If you want to create lasting change this year, set the resolutions aside and create SMART goals.
At the beginning of a new year, many set out to achieve a list of resolutions. Often, people are overly ambitious in setting their resolutions, creating a long list of things they want to accomplish without creating an action plan. In fact, research done by Statistic Brain shows that only 8% of people who set resolutions achieve them.
Last week, we gave you a list of 20 wellness goals to inspire you this year. Instead of writing out resolutions this year, we encourage you to give goal-setting a try. Here’s how to approach your goals the SMART way!
What are SMART goals?
Let’s start with an example.
I want to exercise more in the new year.
This goal is very general and doesn’t provide you with steps or an action plan to get you closer to your goal. When you start with a goal that’s too broad, it can be hard to know where to start to work towards achieving your goal.
Introducing the SMART goal setting philosophy. SMART is an acronym used to guide your goal setting. To set your goals and create an action plan, ensure that your goals are:
S – Specific
Clearly define what it is you want to accomplish. This will allow you to focus your efforts and feel motivated to reach your goal. Ask yourself:
What do I want to accomplish? Why is this important to me?
For example, many people set a resolution to exercise more in the new year. This goal, however, is too general. Instead, create a specific exercise goal such as taking a walk on your lunch break, so you have more energy in the afternoons.
M – Measurable
Ensuring your goal is measurable allows you to track your progress. Ask yourself:
How much? How many? How will I know when I’ve accomplished this goal?
If your goal is to take a walk each day on your lunch break, it’s easy to measure your progress and know if you reached your goal that day. Tracking your progress can motivate you to stay committed to your goals.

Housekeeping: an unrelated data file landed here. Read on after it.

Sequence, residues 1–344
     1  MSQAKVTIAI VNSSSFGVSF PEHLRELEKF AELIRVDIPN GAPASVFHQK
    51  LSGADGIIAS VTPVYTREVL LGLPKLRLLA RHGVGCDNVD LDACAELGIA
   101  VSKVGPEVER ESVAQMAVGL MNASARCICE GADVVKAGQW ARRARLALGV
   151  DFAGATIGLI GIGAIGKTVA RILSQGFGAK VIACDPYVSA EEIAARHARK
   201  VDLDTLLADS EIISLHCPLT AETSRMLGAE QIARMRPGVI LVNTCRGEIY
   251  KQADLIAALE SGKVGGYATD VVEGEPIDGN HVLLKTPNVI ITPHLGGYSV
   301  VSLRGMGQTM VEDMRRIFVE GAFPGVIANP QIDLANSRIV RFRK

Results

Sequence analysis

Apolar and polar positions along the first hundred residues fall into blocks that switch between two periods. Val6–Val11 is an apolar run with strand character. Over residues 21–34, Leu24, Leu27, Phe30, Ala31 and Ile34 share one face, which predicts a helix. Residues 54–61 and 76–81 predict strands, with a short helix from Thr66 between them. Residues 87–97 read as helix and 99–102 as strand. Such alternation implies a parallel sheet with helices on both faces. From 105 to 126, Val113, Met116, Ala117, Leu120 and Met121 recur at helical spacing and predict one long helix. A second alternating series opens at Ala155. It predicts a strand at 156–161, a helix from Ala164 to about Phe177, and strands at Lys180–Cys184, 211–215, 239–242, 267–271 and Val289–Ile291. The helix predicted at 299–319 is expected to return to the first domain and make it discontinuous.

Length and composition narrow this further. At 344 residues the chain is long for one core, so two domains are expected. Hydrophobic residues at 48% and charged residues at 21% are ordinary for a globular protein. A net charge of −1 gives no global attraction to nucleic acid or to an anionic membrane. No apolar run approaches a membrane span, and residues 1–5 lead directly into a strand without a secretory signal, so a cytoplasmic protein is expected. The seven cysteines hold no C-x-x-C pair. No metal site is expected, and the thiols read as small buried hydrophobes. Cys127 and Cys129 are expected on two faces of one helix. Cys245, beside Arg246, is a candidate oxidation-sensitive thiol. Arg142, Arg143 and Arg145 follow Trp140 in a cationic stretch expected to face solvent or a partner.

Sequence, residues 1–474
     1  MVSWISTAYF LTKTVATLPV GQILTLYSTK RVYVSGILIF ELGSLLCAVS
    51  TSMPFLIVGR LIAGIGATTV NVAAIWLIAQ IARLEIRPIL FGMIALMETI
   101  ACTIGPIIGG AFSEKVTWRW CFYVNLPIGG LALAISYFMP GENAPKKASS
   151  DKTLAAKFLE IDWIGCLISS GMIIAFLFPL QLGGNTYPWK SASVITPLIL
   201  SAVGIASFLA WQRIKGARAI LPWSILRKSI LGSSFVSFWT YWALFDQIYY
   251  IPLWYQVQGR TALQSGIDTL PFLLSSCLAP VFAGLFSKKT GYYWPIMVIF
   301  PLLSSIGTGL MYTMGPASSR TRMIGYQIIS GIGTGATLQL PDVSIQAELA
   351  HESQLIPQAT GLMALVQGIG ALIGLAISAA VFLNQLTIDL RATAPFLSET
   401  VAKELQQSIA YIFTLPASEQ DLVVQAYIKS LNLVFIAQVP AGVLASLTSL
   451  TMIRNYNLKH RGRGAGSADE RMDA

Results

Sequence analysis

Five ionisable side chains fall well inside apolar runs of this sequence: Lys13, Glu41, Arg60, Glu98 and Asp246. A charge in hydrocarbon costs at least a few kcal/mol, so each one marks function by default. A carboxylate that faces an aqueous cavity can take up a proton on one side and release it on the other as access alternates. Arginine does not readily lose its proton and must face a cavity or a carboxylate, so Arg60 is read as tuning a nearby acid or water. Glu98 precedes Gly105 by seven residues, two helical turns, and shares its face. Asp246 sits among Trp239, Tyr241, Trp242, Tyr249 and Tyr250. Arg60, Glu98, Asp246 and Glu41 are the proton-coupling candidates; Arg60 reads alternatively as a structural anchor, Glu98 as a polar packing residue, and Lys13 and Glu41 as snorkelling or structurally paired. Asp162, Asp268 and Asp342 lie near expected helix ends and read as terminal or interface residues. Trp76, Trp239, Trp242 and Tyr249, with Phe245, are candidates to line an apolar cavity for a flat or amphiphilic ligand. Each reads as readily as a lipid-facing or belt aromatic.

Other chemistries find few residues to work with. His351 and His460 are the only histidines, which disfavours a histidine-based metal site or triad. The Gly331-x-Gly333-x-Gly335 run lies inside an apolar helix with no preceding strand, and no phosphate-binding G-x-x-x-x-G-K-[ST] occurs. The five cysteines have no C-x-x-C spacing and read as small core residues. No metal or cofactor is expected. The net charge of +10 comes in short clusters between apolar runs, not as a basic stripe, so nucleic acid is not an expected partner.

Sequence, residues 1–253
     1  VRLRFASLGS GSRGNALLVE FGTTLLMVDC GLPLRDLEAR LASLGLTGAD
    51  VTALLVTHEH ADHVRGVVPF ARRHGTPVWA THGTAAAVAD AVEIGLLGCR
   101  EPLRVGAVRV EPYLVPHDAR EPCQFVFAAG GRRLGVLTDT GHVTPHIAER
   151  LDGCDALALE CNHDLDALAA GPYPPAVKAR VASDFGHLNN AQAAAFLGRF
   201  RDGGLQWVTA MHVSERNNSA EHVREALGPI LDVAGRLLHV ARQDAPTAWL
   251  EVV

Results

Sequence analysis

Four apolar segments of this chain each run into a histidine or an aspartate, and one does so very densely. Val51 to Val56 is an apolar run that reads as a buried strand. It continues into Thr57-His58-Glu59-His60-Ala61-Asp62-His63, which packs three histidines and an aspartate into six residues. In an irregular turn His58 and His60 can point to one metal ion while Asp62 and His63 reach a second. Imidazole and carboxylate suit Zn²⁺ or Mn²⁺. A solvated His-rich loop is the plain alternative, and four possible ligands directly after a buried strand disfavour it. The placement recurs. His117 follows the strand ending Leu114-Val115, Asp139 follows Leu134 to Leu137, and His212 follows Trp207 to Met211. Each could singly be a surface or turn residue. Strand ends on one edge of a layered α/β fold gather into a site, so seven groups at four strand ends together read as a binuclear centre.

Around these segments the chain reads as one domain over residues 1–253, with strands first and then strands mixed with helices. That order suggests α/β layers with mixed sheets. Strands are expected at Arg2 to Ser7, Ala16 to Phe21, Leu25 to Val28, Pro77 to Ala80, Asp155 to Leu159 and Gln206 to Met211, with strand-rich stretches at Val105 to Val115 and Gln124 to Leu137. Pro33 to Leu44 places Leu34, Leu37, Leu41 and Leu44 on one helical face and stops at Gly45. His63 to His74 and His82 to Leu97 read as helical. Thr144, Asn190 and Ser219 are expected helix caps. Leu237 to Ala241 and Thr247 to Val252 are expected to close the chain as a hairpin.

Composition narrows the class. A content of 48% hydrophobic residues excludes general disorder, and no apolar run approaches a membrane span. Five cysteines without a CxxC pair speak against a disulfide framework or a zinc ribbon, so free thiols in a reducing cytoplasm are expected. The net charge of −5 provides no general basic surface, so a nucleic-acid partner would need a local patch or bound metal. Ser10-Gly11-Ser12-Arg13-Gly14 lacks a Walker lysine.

A – Achievable
It’s important to know your limits while also setting a goal that motivates you! For a goal to be successful, it must be achievable and realistic. To create an achievable goal, ask yourself:
How will I accomplish this goal? Are there any constraints that would prevent me from achieving this goal?
If your lunch break is 1 hour, you may set your goal to walk for 30 minutes, so you have time to enjoy your lunch and take your walk before your break is over.
R – Relevant
Set goals that are relevant to you and your life in your current season. If taking a walk on your lunch break isn’t motivating, choose something that IS motivating. Ask yourself:
Does this seem worth it? Does this align with other goals I want to achieve? Do I have the time for this in this season of my life?
T – Time-Bound
Give yourself a deadline so that you have something to work toward. Ask yourself:
What is a reasonable time frame in which I can accomplish this goal? What can I do each day to work towards my goal?
If your goal is to take a walk each day, check-in with yourself at the end of the week or month to track how many days you met your goal.
Revisit your goals for this year
Let’s do back to our example of wanting to exercise more regularly. A SMART version of this goal might be:
I want to take a walk (specific) each day (measureable) that is 30 minutes long (achievable) because I want to improve my health (relevant). I will do this five days per week for one month (time-bound).
Creating meaningful change starts with SMART goals. Take a more intentional approach to goal setting so you can become the best version of yourself in 2022!